|Test Valley Borough Council||0||Cost of locating data|
|Thurrock Borough Council||0||Want to charge a fee for ‘disbursements’|
|Waltham Forest Borough Council||126||Cost of locating data|
|Warwickshire County Council||0||Cost of locating data|
|West Lancashire District Council||1||Cost of locating data|
|West Sussex County Council||0||No Central data / Cost|
|Westminster City Council||0||Exempt personal data|
|Wirral Borough Council||12||Cost of locating data|
|(Some news from Wales on this subject – Cardiff Council spends £26 million gagging former staff)|
We don’t know how many compromise agreements were drawn up in dispute circumstances at the councils who successfully withheld this information. And with ‘difficult’ respondents, it may take some more probing before we can get this information released into the public domain – where it belongs.
It’s not surprising that many of the councils named in this final section are currently making repeat appearances in Private Eye’s “Rotten Boroughs” page, or are well-known as disappointing performers:
e.g. Barnet, South Tyneside, Wirral, North East Lincolnshire, Camden
According to Wirral Council’s publicity machine, they hadn’t been counting compromise agreements – so I’m puzzled at where the figure of 12 came from…
UPDATE 17th April 2013
Wirral have just answered the following FoI request which was placed well over 6 months ago – once again they’re in breach of the Act:
Since the Council took a calculated decision not to record or report the existence of these sensitive documents, WHO KNOWS how they arrived at these figures? The same goes for the totals quoted for years 2005 to 2010. They look extremely low, given this organisation has engulfed itself in the depths of scandal for well over a decade. The total is now updated to 24 compromise agreements over an eight year period. Due to compounded failure, we have to view this total with extreme suspicion.
UPDATE 23rd April 2013
In response to the Council’s answer to the above FoI request, and in light of their self-declared failure to monitor and report compromise agreements as they were issued, I lodged the following, asking how they could have arrived at accurate figures:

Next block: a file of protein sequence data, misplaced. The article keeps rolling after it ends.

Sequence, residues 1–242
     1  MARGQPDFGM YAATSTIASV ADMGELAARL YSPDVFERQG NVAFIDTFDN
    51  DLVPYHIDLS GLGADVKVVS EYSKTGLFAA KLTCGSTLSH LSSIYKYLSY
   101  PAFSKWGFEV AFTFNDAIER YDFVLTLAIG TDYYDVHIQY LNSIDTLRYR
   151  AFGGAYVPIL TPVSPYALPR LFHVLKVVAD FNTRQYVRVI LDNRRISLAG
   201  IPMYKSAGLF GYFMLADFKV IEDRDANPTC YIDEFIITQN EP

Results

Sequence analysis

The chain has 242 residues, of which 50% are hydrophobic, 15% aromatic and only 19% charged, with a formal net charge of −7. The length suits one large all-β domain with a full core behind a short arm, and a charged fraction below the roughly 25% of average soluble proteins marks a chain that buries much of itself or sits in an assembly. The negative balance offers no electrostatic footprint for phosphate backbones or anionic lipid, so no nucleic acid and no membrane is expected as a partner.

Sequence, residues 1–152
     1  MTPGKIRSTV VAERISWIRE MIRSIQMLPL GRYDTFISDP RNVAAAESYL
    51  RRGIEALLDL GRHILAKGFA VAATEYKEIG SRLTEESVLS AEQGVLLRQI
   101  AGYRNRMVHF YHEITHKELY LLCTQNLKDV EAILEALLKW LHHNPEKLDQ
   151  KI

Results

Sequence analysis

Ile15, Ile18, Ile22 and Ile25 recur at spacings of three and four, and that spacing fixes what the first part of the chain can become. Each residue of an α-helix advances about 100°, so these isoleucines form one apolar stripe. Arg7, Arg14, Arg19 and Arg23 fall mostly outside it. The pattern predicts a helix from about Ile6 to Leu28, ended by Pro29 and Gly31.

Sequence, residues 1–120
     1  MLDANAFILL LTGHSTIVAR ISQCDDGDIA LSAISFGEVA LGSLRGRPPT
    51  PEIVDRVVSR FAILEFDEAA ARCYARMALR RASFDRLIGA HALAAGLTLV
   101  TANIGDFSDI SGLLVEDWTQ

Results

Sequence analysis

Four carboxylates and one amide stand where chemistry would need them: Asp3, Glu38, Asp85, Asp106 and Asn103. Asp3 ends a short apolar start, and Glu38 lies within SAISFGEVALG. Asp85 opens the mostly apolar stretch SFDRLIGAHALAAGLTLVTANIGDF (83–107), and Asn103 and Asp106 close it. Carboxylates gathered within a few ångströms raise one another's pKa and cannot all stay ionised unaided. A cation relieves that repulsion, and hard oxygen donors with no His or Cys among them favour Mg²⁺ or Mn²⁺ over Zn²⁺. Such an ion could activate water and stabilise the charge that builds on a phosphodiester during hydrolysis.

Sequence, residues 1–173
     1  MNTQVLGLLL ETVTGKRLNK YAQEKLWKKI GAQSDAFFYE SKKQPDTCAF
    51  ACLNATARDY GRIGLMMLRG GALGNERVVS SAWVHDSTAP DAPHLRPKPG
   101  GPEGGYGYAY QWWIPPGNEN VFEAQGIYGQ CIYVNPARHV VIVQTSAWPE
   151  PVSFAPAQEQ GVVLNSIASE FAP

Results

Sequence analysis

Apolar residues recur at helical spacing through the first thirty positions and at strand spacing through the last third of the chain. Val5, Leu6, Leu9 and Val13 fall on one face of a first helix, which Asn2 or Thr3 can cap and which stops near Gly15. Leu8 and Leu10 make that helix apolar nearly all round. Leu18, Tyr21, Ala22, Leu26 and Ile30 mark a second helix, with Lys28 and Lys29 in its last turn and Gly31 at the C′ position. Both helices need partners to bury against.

My request was branded “vexatious”. They implied I was accusing them of lying. In reality, it’s their competence I’m questioning – I’ve provided evidence for this.
This is the second time in recent weeks that Wirral Council have used the “vexatious request” option to withhold the information. I”ve asked for an internal review and will be taking this to the ICO if required.
Finally, here are two simple charts indicating annual totals since 2005. What’s striking is the exponential growth in Local Authorities’ use of compromise agreements over the period under question. A surefire indicator that all is not well.
Brighton & Hove City Council came out top of the survey, with 123 compromise agreements in dispute circumstances over 6 years.
The average number per council was just over 14.
The ‘droop’ at the end is not ‘a change of heart’ – it’s figures working through internally, but not arriving in time to be reported and displayed in time for when the requests were placed in January 2011.
I would expect the trend to continue upwards and the true figure to be above 1,220 for 2010. Projecting forward, 2011 would be above 1,450, 2012 around 1,650, and 2013 around 1,850.
In line with the above, the total number of agreements with gagging clauses between 2001 and 2013 is:
In the NHS, the average severance payout for gagged officials was £29,000. A very conservative estimate for Local Authority payouts would be £15,000.
This would equate to 9,509 x £15,000 or …….
…but predictably, this fell upon stony ground.
UPDATE 14th January 2014
Answers are in for 21 of the 22 Welsh local authorities. 1,347 compromise agreements. Total squandered = £32 million +
It’s interesting that this equates to an average payout per agreement of £23,756. If the English agreements are similar, this would equate to 9,509 x £23,756
or a total of…